Blog

31st July 2020

Your history, well told

Celebrating business milestones and anniversaries matters more than you think. Allie Lindly and Shreena Patel explain how to make the most of them.

In the flurry of activity that often surrounds your regular communications, pulling together a campaign for an anniversary may seem like a superficial – even self-indulgent – endeavour. Not so. In fact, these milestones are key to developing your strategy, engaging your employees, and fostering a culture that honours the legacy of your business.

Of course, one size does not fit all. For example, although impressive, not every anniversary campaign has to be as big as the Boeing Centennial (which even included an eight-part documentary series with Discovery). But a successful campaign will tell your story in a way that is both creative and compelling, helping you to take control of your narrative, reenergize and reconnect with both internal and external audiences.

Certain celebrations might even be newsworthy and an opportunity to get your story in front of more people than you might normally reach.

Telling the history in a way that curates the facts and resonates with others is challenging. To do this well requires thought and preparation…

Develop your strategy
Milestones and anniversaries are valuable because they force us to take a break from our day-to-day preoccupations and reflect.

As you reflect on your company’s history and celebrate where it has carried you, you’ll identify pivotal moments – your first investor, first client, first setback – and longer chapters of growth, refinement, and transformation.

Interrogate these moments – What led you there? What did you learn? – and revisit the fundamentals of your business, the ‘why’ that drives your team and your work. In doing so, you can draw out a better understanding of your business, your purpose – and develop a clearer strategy for the road ahead.

For example, throughout its centennial campaign Boeing repeated the philosophy of its founder Bill Boeing – “Build something better”. These three words instantly capture the purpose of the business and remind audiences why they work for, invest in and deal with Boeing.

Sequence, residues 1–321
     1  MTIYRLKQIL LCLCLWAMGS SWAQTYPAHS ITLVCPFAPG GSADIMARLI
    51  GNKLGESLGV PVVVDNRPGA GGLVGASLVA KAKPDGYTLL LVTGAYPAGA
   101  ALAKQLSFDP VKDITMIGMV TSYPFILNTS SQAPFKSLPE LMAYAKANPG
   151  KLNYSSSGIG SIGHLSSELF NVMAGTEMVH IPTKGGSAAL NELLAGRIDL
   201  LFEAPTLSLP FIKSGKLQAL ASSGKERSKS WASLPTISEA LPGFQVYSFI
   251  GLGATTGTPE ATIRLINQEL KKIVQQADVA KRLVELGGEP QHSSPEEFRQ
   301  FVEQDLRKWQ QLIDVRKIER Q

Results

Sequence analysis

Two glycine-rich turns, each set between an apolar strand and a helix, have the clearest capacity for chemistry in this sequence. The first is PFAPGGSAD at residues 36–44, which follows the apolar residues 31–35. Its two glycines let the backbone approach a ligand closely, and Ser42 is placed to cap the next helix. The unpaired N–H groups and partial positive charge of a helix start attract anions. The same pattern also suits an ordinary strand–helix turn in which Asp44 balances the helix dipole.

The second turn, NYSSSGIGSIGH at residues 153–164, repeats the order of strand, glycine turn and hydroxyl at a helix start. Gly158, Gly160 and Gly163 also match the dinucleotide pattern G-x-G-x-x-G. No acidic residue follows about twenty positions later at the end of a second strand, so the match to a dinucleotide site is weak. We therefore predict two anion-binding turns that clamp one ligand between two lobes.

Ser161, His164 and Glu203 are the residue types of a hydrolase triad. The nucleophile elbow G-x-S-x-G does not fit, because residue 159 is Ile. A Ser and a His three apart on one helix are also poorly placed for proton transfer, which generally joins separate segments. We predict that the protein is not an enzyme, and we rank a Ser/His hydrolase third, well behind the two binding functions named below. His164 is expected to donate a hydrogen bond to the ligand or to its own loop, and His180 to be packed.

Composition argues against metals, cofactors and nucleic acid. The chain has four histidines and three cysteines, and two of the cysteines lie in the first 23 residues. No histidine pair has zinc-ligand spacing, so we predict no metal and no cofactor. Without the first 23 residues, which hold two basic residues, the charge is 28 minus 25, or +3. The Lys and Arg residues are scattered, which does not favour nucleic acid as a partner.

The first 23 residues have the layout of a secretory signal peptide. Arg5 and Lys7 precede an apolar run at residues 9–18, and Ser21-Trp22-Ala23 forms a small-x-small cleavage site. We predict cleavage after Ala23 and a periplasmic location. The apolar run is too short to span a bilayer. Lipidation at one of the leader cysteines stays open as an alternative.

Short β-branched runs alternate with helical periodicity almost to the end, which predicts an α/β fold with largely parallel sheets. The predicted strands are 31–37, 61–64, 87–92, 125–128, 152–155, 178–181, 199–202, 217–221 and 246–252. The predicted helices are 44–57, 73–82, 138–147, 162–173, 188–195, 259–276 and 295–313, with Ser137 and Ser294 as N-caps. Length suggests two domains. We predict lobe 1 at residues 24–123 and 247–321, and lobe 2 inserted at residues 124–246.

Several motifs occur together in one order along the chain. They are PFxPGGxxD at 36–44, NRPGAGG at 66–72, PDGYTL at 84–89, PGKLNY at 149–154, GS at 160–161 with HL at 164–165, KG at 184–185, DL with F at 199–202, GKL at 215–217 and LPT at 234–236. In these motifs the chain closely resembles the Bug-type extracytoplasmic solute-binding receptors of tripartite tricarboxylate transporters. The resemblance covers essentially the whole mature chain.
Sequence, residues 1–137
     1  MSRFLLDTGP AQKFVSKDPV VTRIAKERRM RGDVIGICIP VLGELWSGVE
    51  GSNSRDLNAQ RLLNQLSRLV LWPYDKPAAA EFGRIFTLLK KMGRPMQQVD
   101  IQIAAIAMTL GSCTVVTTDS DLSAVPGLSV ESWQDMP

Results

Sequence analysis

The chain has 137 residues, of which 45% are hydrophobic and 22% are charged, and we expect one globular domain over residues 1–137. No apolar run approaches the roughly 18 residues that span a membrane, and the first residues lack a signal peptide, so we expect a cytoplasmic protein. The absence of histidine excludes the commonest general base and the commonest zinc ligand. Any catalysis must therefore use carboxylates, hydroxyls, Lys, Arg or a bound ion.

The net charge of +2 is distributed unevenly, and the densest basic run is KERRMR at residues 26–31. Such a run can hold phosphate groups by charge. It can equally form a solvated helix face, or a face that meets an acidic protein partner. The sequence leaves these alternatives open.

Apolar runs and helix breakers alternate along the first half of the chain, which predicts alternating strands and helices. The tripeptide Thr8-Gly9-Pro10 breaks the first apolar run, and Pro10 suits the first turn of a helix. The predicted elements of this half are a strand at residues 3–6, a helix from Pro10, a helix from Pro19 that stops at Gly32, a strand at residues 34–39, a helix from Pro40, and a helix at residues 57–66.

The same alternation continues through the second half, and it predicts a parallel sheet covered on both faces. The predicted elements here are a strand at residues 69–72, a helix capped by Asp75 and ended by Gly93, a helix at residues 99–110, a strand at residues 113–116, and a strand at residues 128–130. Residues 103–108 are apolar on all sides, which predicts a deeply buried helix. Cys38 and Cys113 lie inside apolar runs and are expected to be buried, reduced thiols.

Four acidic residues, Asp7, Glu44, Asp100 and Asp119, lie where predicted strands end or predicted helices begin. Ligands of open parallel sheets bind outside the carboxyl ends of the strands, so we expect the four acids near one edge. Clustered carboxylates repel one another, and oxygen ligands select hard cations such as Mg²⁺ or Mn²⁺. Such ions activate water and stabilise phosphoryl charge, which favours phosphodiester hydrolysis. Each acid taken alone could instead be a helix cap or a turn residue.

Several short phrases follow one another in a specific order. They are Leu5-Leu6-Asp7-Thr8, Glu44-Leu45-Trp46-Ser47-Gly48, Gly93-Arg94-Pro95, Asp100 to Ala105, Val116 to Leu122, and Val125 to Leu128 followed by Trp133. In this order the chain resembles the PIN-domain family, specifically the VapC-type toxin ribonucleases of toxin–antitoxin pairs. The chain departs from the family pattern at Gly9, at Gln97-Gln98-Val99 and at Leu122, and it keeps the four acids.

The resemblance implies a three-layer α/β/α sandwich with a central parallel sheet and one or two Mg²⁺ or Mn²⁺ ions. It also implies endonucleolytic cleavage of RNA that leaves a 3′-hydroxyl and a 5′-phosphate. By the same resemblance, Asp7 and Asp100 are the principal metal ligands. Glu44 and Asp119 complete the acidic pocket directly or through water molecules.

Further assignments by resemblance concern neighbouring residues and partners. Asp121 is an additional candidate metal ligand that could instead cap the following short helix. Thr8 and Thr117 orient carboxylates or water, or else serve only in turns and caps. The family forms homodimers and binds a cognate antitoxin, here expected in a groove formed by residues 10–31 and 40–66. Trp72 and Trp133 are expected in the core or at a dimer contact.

Engage your employees
Now more than ever, in a world of enforced separation and endless video meetings, people are feeling the distance and are increasingly dissatisfied at work. A recent McKinsey study found more than 45% of remote workers feel disengaged from their work.

Celebrating a milestone or anniversary is a valuable chance to reenergize and realign colleagues around shared history or success – it works for those who have been a part of the story since the beginning and new joiners alike. Whether you run a virtual event, a global contest, or anything in between, celebrating the moment signals health and growth, instils a sense of pride, and creates a sense of belonging.

It’s also a platform from which to cast your vision for the future. Especially in these uncertain times, employees are looking for leadership and direction and, with eyes on you, there is a big opportunity to deliver strategic messages that will inspire support.

Fly the flag
Engaged employees become culture carriers. By creating a shared legacy – calling up the best moments, recognising exemplary teams and notable achievements – you are flagging what good looks like and perpetuating the culture that carried them.

Or perhaps the past and its ways aren’t the culture you want to promote? Use this moment to be candid and specific about changes that need to be made to realise your vision and values.

Above all, communicate. Don’t let these moments pass you by. After all, if you aren’t telling your own history, who is?

For help making your next anniversary campaign a success, get in touch.